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  • katherine halligan

Let It Go

The inside of my freezer currently looks like Elsa took up residence and had a temper tantrum there. A really big tantrum.

The seal has failed, and while we await a replacement part (delayed, due to COVID), it is locked into a cycle of freeze-and-thaw-and-refreeze, resulting in beautiful, jagged ice formations that grow bigger by the hour. My children delight in opening the door, just to see what might be in store; there isn’t a lot to do these days since our schools are closed again (also due to COVID), so this is excellent entertainment.

In fact, so little happens these days (within the four walls of our home, if not at our nation’s Capitol building, where far too much has happened) that last night they shrieked with excitement at a strange light in the sky. “Mom, come fast!” they yelled. “There’s a rocket taking off in the sky and it’s coming towards us!” With my heart in my mouth, terrified that the Dictator-in-Chief had used the nuclear codes (which he still possesses, despite all evidence that he should not) to blow California off the map, I raced upstairs, thinking I could at least hold my children in my arms at the very end.

It was, in fact, an airplane, coming in for landing at Long Beach Airport.

Having gone from a flight landing every four minutes to almost no air traffic overhead, our skies look radically and apparently unrecognisably different these days — as does the entire landscape of the United States. Due, of course, to COVID. But due also to the evil lunacy of the soon-to-be-ex-President.

There was a different plane in the sky on Wednesday. It crashed into the Capitol building in a way foreign terrorists failed to do 19 years ago: it was a domestic airline called Trump Air (or perhaps it was a hot air balloon), and it was propelled by his lies and fuelled by his hatred. And on an existential level it was a far greater threat to our nation than what did happen on 9/11.

From airline disasters — both allegorical and real — to mini freezer dramas, there is a real mechanical failure afoot of late: so many parts of our democracy are broken. As we limp to the finish line of this horrific and devastating four years, I have thought often of Elsa over the past weeks (of course I have — haven’t you?), and the meaning of her words, “Let it go,” particularly as they pertain to our outgoing leader. He needs, of course, to let it go: he lost, fair and square, just like the other side sometimes loses. That is the nature of democracy, and however we might dislike the other side winning, we accept it and move on. We let it go, because we need to look ahead. Sometimes, things go wrong; sometimes there are hanging chads and sometimes corrupt, craven leaders who attempt to bend the outcome to their will. But if Al Gore managed to let it go, then surely this is what all must do who have lost. Let. It. Go.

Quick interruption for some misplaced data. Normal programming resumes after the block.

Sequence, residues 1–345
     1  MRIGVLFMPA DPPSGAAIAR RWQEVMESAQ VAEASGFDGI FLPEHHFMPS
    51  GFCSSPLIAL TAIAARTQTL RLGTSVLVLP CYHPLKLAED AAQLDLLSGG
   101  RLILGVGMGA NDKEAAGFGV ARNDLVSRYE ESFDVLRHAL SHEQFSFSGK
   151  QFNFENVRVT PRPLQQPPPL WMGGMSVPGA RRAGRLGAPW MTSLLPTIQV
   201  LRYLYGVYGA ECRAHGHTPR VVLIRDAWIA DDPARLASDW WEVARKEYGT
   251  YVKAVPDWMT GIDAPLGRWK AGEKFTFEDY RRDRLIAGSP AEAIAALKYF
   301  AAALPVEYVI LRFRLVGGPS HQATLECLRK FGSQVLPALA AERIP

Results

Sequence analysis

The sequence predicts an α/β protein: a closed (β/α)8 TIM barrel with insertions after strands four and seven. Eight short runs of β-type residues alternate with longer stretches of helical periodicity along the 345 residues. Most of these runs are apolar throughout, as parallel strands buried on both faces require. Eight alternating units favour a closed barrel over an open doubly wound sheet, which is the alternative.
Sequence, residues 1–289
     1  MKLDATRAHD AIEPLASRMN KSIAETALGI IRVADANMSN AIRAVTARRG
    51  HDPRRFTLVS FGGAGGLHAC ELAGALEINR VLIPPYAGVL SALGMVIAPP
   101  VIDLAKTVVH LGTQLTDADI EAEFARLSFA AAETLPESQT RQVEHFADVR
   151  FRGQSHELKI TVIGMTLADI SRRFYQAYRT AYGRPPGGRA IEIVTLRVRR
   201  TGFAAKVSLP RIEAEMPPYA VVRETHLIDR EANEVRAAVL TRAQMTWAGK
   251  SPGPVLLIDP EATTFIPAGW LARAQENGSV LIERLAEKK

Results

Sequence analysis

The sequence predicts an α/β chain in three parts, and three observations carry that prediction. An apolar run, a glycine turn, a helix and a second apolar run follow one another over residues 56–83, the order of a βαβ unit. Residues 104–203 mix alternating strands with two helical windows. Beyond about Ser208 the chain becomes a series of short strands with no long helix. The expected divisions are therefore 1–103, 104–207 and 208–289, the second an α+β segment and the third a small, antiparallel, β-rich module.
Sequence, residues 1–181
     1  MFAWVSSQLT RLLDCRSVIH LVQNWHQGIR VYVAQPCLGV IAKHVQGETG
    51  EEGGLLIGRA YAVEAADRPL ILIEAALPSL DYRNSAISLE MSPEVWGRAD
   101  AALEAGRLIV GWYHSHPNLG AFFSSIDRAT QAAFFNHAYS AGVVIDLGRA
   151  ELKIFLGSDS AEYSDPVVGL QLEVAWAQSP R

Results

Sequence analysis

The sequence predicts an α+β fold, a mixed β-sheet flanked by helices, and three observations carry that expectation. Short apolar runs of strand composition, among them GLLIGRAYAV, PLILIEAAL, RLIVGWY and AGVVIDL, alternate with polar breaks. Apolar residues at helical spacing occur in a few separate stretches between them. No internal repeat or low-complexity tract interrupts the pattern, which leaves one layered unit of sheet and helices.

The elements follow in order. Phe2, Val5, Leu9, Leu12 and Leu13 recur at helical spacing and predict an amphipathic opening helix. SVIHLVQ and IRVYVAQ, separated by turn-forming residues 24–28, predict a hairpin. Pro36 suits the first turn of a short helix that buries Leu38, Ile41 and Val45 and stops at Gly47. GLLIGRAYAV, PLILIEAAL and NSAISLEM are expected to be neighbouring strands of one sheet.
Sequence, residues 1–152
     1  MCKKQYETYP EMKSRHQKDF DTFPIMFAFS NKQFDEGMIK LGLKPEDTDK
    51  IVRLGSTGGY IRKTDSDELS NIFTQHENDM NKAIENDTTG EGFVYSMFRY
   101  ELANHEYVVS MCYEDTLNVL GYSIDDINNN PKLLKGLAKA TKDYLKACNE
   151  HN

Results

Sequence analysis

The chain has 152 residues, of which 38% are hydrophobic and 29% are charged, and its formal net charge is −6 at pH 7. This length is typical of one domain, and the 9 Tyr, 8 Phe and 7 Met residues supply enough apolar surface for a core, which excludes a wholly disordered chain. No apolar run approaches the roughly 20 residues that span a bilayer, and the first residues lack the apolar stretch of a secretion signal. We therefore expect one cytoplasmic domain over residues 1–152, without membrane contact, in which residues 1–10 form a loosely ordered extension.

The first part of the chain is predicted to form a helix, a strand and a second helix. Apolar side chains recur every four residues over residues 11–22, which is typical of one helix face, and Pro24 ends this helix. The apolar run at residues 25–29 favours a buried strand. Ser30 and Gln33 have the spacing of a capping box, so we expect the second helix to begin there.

And speaking of loss, there is another sort of letting go that too many are having to endure: the letting go of a loved one. Around the world, but especially in the US and especially in Los Angeles County — a mere 15 minutes from our doorstep — hospital resources from staff to ventilators have now become so scarce that they will soon have to start rationing care. LA has just appointed a triage team charged with making impossible decisions about how to mete out care: who might have the longest life left to live if they are administered to, and who might have less time or a lesser quality of life and therefore will be refused treatment, and then the families of those who lose that cruel game will be told that they have to let it go.

But Elsa isn’t talking about that sort of letting go, or about giving up, or about the letting go of the cataclysmically destructive anger that this week quite literally engulfed the nation’s Capitol (as opposed to the nation’s capital, which has been engulfed by similar if less overtly violent anger for four long years). Elsa is talking instead of letting go of the constraints that have held her back, about finding her freedom and coming into her own.

It’s her line “don’t hold it back anymore” that particularly chills my heart this week, as we look ahead to the remaining days in which the raging tyrant has no reason to hold back anymore. And it’s the prospect of his rage throwing out yet more deadly daggers of ice into the heart of the very nation, of the very people whom he is sworn to protect, that makes my blood run cold.

For those of you who don’t have two small daughters of a certain age and therefore haven’t watched Frozen dozens of times or had the soundtrack inserted into the CD player of the car permanently from 2014 to 2016, I should pause to explain that when Elsa becomes frightened and angry, her emotions manifest themselves as ice and snow. She conjures up a terrifying snow monster which scares off any who would attempt to approach her in her isolated ice castle, and accidentally shoots an enormous shard of ice into the heart of her sister who has come to save her.